Taptic API for iPhone, Apple Watch will grant devs access to previously Apple-only feature
Apple's implementation of a "solid state" home button expands the Taptic Engine's feedback on the iPhone, and a forthcoming API for developers' use will expand implementation to non-Apple apps.
During the iPhone 7 announcement, Apple executive Phil Schiller showed off the new force sensitive home button, which is now not a mechanical button. Instead, the button is pressure-sensitive, and utilizes Apple's Taptic Engine for feedback for the user.
Apple's Taptic Engine debuted with the Force Touch feature in Sept. 2014's unveil of the Apple Watch. Since initial reveal, it has been implemented in the 2015 MacBook rebirth, the MacBook Pro, and the Magic Trackpad 2.
Making the API available to developers to use will allow for better force feedback implementation OS-wide, and give developers a way to utilize the feature in other ways, such as haptic responses to actions in a game.
Taptic APIs have been available since iOS9's release, but have been under Apple's lock and key.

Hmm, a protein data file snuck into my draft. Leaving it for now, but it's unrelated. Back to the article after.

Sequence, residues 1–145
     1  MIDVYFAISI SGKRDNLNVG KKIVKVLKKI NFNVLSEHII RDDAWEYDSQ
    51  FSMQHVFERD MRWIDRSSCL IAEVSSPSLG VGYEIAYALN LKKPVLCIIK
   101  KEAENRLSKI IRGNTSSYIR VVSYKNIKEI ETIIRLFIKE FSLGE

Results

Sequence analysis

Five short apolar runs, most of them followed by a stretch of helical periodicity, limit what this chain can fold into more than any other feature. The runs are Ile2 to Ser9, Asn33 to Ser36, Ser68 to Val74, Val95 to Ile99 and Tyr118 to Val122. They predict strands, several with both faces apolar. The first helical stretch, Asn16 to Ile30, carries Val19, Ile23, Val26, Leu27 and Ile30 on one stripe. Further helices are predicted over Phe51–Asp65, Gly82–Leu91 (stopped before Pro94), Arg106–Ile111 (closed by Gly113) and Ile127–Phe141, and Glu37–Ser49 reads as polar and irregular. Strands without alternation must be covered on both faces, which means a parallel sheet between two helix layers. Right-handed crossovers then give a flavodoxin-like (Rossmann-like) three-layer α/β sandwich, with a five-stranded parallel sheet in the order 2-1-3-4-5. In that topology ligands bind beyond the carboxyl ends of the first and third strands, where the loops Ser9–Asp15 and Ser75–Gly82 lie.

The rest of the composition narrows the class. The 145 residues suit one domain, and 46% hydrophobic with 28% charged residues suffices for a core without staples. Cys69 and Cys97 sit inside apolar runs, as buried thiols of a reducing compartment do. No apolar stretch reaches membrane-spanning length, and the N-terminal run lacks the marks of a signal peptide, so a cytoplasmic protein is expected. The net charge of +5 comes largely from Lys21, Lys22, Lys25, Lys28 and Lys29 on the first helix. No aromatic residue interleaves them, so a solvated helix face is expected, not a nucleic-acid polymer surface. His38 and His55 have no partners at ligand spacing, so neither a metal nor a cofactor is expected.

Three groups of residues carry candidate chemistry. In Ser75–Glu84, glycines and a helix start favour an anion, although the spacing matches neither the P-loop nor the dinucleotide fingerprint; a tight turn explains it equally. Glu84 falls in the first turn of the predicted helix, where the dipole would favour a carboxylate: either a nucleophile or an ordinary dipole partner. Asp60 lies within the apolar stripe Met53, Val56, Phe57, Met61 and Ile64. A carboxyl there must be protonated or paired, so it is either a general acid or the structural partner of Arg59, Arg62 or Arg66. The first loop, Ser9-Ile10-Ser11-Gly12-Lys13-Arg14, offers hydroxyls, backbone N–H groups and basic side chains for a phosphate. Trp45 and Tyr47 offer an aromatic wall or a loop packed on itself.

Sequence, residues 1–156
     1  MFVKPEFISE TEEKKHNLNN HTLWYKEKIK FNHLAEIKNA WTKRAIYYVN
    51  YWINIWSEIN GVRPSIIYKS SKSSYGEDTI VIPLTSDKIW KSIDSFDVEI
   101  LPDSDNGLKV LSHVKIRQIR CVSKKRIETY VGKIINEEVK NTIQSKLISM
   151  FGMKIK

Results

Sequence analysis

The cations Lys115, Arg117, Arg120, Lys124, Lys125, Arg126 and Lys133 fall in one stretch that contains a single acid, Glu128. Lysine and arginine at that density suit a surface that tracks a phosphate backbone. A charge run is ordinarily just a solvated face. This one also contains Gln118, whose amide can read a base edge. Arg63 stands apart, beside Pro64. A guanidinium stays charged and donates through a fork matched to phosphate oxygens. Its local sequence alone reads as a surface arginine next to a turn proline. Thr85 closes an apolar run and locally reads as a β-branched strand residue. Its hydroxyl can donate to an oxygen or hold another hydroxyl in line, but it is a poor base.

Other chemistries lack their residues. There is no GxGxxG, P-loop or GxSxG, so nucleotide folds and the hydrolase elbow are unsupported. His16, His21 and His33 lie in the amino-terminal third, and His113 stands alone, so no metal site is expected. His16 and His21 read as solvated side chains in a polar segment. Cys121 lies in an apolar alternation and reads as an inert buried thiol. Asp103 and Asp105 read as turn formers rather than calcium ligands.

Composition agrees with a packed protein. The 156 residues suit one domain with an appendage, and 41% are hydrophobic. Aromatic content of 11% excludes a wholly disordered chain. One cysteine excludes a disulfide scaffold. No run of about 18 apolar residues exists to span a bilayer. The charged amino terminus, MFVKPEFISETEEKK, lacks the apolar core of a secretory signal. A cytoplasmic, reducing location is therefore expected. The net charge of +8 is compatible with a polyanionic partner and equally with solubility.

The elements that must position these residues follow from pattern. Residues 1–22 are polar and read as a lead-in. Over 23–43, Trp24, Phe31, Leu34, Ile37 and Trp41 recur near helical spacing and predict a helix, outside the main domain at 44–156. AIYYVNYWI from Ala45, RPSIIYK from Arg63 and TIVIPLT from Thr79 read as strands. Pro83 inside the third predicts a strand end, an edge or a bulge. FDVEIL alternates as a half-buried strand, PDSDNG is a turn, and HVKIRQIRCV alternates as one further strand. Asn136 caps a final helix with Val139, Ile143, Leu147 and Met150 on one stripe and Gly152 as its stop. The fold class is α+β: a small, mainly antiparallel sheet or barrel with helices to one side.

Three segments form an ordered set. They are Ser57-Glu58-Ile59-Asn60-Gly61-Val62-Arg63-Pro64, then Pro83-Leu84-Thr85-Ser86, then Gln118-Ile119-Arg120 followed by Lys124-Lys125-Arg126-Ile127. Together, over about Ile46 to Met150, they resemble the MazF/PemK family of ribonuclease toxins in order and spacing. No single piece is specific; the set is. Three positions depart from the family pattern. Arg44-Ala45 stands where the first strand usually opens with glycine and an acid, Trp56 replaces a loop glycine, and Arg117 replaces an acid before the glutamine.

The previous "UITapticEngine"
Previously, the Taptic APIs were private in iOS 9, and limited to Apple-only use. Some enterprising developers examined it in some depth, but applications submitted with private APIs are rejected during the App Store review process.
Schiller's new API discussed at the iPhone 7 reveal is not yet available to developers in the current iOS 10 and Xcode 8 "golden master" releases. However, Apple's approach of last-minute API releases, or releases in a point update of iOS and Xcode, is not unusual.
"[A new Taptic API in the beta releases] would have revealed a new feature," developer Rosyna Keller told AppleInsider. "Apple hates that, they tend to scrub it from public seeds until the next major public seed."
At present, even the previous, private Taptic Engine API's have been excised from the pre-releases. More information on the hooks for the feature for coders will have to wait on Apple's official documentation.